Discover how self-service demos can drive user adoption in SaaS businesses. Overcome challenges, improve training and support, and learn best practices for creating engaging demos that empower users. Boost your product's adoption rates with these actionable strategies.
How do you know your product works? The simple answer: you have customers.
How do you know your product is still at the top of the pile? The simple answer: you still have customers (especially after renewal dates roll around).
There was a time when we were naive enough to think that making the sale was the biggest, baddest, toughest part of our jobs. Nope.
In the PLG era, that's pretty much the starting point. We now have a customer whose needs we need to anticipate and serve, without creating unnecessary friction, and without too many interactions with sales, support and training.
But before we do all of that, we need to ensure that users are actually using our tools. Poor user adoption is a quiet killer for SaaS companies. While growth teams are focused on gaining new leads and resolving user issues, users who never fully take advantage of a product are quietly leaving us for competitors.
There are some great strategies out there that help SaaS businesses drive greater adoption - some of these revolve around product strategy, some around messaging and still others around onboarding. The secret sauce in all of them is the part where they 'show and tell'. This is also often the most expensive part of the strategy (people dependent), and the most breakage prone (people dependent).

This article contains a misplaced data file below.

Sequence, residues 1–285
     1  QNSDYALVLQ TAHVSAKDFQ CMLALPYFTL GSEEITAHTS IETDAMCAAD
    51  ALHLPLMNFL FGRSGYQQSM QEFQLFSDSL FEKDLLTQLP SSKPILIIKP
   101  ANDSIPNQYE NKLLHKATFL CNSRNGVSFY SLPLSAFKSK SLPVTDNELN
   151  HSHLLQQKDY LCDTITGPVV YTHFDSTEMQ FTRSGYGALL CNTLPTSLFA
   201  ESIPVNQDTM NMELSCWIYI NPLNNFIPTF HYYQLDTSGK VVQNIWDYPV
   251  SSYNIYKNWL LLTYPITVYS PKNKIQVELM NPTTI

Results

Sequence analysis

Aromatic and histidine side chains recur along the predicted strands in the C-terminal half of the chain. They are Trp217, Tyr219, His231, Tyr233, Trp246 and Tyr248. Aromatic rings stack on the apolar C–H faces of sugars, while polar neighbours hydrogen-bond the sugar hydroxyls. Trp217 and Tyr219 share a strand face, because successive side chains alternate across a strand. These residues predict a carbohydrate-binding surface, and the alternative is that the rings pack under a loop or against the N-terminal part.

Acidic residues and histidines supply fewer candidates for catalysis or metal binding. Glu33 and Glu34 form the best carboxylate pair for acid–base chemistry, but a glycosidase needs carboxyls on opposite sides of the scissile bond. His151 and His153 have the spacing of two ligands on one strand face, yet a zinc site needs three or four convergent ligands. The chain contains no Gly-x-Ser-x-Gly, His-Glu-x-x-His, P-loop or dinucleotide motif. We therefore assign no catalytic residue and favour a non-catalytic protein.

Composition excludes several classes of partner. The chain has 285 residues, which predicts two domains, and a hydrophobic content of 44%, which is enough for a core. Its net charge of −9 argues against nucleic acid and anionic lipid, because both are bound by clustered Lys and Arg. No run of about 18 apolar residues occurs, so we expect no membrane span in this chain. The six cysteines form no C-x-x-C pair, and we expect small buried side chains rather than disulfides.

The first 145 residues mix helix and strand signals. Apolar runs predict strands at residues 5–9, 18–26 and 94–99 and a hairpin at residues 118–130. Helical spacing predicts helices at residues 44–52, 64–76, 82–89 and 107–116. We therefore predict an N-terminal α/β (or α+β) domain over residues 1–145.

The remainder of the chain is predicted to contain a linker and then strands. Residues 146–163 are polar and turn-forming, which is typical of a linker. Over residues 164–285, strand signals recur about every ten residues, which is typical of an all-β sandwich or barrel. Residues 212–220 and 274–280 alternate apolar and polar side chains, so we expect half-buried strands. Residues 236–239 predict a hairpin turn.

At SmartCue, we're suggesting an alternative: self service demos that never tire, never miss an appointment, reliably answer questions and 'show' instead of 'tell'. They're also available round the clock, and the best ones work across all devices, and are relevant to the users' questions/immediate needs. In short, they make it easy for users to find their mojo with your sometimes complicated tool.
Challenges and Roadblocks to User Adoption in SaaS
User adoption isn't as straightforward as it may initially seem. There are several roadblocks that can hinder user adoption, and understanding these is the first step towards tackling them effectively.
Complex Interfaces and Functionality
Let's face it, no matter how much we try to simplify the interface, there will always be some functionality that will feel complicated - especially at first. For many users, navigating a new system can be daunting, particularly if they have limited technical skills.
Resistance to Change
Many moons ago, when I first started out as a sales engineer, we used email to ensure that all the right parties had approved the latest version of our deal documents. It was fallible. It was error prone. It created enormous confusion. We all hated it.
Then, the bosses introduced a workflow tool that streamlined the process. It was completely online, and it relied on queues for each of us. At any point in time, we could log in and see where a document was stuck. To say we were relieved was an understatement.
But we didn't use it. All our documents were on email. We figured we'd use it from the next deal on. And then we didn't, because someone forgot to enter some key piece of information or parameter that wasn't part of the tool's design. And then we didn't use it because something else didn't work *exactly* as we wanted it to. The funny thing is, email had ALL those issues too! In hindsight, I can't think of a good reason why we resisted.
But that, unfortunately, is how tool adoption works. People get used to doing things a certain way, and change takes time. And effort. And training. Which brings me to…